Over at Web Design 4 You I design websites for people, businesses and organisations. From today I’ve changed the business model so that instead of setting a fixed price for my web design services, I’m giving completed websites as gifts.
I’ve updated the content of the site in accordance with the new business model and redesigned the website so that it’s tidier and looks better, and you can follow the link above to check it out.
You might be wondering what the hell I’m on about. Giving websites as gifts? How am I supposed to make any money from it if I’m giving them away?
It all began some time ago, when I was interested in the ‘pay what you want’ model, but only in relation to my writing on this website. I was trying to get people to pay me to receive my writing, while still operating on a fixed price for my web design.
It didn’t work though, because I realised my writing has very little value to people – at least, not enough value that they’d pay me for it (apart from a small number of you). And that’s ok, I don’t mind. It is what it is.
But web design is a different story. Web design has specific value, and I was presenting that value for hundreds or thousands of dollars. There was interest in what I was doing. I have clients that I’ve developed websites for. It was a good thing and I was excited about where it’s going.
But something inside of me is very interested in being of service to people in a way that brings them value, and that interests me more than just seeking money from them.
So I’ve continued looking into the ‘pay what you want’ model, especially when I found another web designer in the US working with a variation of it called ‘the gift economy’.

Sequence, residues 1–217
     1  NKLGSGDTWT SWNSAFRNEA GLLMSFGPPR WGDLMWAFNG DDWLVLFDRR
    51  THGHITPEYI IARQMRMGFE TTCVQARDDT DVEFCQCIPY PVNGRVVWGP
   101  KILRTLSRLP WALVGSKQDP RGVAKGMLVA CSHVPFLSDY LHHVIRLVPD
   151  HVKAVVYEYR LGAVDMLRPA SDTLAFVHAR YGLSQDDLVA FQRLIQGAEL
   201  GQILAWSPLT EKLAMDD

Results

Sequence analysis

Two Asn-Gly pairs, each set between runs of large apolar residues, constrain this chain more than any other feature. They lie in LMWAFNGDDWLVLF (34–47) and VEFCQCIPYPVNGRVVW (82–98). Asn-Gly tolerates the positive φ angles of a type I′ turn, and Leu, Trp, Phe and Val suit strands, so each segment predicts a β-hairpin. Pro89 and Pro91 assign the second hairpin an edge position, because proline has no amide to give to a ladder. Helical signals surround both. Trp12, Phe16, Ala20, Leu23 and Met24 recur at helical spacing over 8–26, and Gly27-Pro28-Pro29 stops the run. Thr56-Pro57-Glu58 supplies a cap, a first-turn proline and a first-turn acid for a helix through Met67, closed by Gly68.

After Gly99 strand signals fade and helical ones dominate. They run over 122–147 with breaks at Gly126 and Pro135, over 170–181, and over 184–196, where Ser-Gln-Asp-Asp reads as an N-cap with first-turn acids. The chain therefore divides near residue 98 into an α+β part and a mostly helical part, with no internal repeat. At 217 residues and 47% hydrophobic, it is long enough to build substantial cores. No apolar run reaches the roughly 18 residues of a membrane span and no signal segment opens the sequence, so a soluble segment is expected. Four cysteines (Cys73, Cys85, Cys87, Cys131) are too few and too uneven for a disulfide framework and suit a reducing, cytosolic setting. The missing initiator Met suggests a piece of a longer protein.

What’s the gift economy?
I wrote this on my web design site to explain what the gift economy is:
It’s an old concept that existed even before money was invented, and it was based on mutual trust and gratitude. It’s something that I think we need more of in this world, so I’ve decided to participate in the gift economy because I believe it’s worth spending my time and effort on it.
According to Wikipedia (which already participates in the gift economy), a gift economy “is a mode of exchange where valuables are not sold, but rather given without an explicit agreement for immediate or future rewards.”
And then there’s this quote which really inspires me:
Don’t make stuff because you want to make money – it will never make you enough money. And don’t make stuff because you want to get famous, because you will never feel famous enough. Make gifts for people and work hard on making those gifts in the hope that those people will notice and like the gifts. Maybe they will notice how hard you worked, and maybe they won’t – if they don’t notice, I know it’s frustrating. But, ultimately, that doesn’t change anything, because your responsibility is not to the people you’re making the gift for, but to the gift itself.
– John Green
I’ve been inspired to make gifts for people and work hard on them. Maybe people will notice, and they’ll like them. Maybe they’ll give me gifts in return if what I’ve done for them is of value to them. That would be nice.
But ultimately, creating these gifts is like creating art – you do it because it’s in your heart to do so.
I’ve been designing websites for 17 years now. Most of that time I’ve been doing it because I love it, because doing it is what I want to do. It’s art for me. It’s the exercising of my creativity.
And so I’ve decided that I like the idea of becoming part of ‘the gift economy’, and so I’m giving away my websites as gifts.
I’ll put my faith in the generosity of those who receive my gifts to give me gifts in return, if what I give them is of value to them.
Apparently surprising things happen when you put your faith in people.
“Trust people. They’ll surprise you.”
– Ron Shaich, co-CEO and founder, Panera Bread
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